Biomolecular homochirality is universally observed in living systems but the molecular and evolutionary dynamics that led to its emergence are unknown. In fact, there are significant disadvantages in using chiral monomers for polymerization, which include enantiomeric cross-inhibition in racemic medium and under-utilization of available resources for self-replication in the primordial environment. Nevertheless, most investigations of homochirality in living systems assume that the individual primordial monomers were chiral prior to the formation of self-replicating polymer and therefore focus on identifying a symmetry-breaking mechanism that might choose one enantiomer over the other in a racemic medium. Within the premise that the extant biomolecules are products of molecular evolution, we ask a related but distinct question: why is an achiral monomer molecule disfavored? Here we identify an evolutionary advantage for molecular evolution to choose chiral over achiral monomers to construct primordial self-replicating polymers. We argue that when polymerization is constrained to proceed in only one direction along the template, as in DNA, evolution favors chiral monomers and homochiral polymers. This evolutionary advantage stems from the ability of a chiral monomer to bond with the template in only one orientation relative to the template monomer, along the direction of polymerization. An achiral monomer, on the other hand, offers more than one possible orientation for bonding with the template monomer, due to the presence of symmetry elements in its structure, which would lead to inhibition of polymerization. We show that the requirement of orientational specificity leads to monomer chirality, by using a known relationship between rotational and reflection symmetry elements, within the constraint that the resultant polymers are helical.
Biomolecular chirality Orientational specificity DNA strand directionality Monomer rotation and reflection symmetries
This is a preview of subscription content, log in to check access.
Support for this work was provided by the Moffitt Physical Science and Oncology Network (PS-ON) NIH grant, U54CA193489. We thank Gerald Joyce, Antonio Lazcano, Addy Pross, John Cleveland, Joel Brown, Christopher Whelan, and Robert Gillies for useful comments. HS thanks Artem Kaznatcheev, IMO faculty, and post-doctoral associates for helpful discussions.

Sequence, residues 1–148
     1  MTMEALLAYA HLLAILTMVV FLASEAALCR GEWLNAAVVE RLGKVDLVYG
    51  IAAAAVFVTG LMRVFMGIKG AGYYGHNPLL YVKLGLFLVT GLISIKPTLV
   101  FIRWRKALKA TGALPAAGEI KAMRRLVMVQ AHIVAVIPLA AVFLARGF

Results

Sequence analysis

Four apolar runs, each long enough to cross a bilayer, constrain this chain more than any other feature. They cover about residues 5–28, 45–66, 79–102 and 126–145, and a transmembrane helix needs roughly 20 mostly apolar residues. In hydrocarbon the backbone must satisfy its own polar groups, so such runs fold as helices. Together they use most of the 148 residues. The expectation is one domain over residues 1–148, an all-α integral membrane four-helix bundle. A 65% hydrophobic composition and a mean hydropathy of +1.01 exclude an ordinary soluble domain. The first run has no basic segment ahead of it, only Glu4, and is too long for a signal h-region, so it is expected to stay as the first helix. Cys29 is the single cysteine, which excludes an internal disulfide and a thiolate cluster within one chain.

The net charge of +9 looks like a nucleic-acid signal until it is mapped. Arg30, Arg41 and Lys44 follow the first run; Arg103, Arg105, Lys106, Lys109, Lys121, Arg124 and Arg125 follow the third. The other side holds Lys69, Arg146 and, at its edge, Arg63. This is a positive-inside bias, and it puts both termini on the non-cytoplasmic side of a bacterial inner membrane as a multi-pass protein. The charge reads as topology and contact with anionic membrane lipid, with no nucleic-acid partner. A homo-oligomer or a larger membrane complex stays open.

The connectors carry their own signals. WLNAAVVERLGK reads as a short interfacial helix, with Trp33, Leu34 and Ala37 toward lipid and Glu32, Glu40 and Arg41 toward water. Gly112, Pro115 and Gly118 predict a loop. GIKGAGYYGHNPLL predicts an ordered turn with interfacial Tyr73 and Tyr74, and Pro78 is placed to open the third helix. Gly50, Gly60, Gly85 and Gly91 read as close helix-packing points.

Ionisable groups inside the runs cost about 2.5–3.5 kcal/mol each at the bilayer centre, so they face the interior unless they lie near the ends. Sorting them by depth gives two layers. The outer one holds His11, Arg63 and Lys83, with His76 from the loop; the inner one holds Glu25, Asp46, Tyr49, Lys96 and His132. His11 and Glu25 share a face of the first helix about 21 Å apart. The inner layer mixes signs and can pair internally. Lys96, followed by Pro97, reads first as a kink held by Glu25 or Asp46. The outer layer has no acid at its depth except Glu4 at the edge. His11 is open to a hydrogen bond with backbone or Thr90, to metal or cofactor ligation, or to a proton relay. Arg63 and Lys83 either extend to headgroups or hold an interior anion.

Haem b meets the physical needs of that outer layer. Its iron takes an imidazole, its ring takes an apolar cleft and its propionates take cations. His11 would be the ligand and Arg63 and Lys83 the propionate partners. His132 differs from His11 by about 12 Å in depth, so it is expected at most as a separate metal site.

Conflict of interest
The authors declare no competing financial interests.
Aoki T, Kaneko T, Maruyama N, Sumi A, Takahashi M, Sato T, Teraguchi M (2003) Helix-sense-selective polymerization of phenylacetylene having two hydroxy groups using a chiral catalytic system. J Am Chem Soc 125(21):6346–6347CrossRefPubMedGoogle Scholar
Bada Jeffrey L, Miller Stanley L (1987) Racemization and the origin of optically active organic compounds in living organisms. Biosystems 20(1):21–26CrossRefPubMedGoogle Scholar
Cotton FA (1971) Chemical applications of group theory. Wiley, HobokenGoogle Scholar
Deming TJ, Novak BM (1992) Enantioselective polymerizations of achiral isocyanides. preparation of optically active helical polymers using chiral nickel catalysts. J Am Chem Soc 114(20):7926–7927CrossRefGoogle Scholar
Goldanskii V, Avetisov V, Kuzmin V (1986) Chiral purity of nucleotides as a necessary condition of complementarity. FEBS Lett 207(1):181–183CrossRefPubMedGoogle Scholar
Green R, Szostak JW (1992) Selection of a ribozyme that functions as a superior template in a self-copying reaction. Science 258(5090):1910–1915CrossRefPubMedGoogle Scholar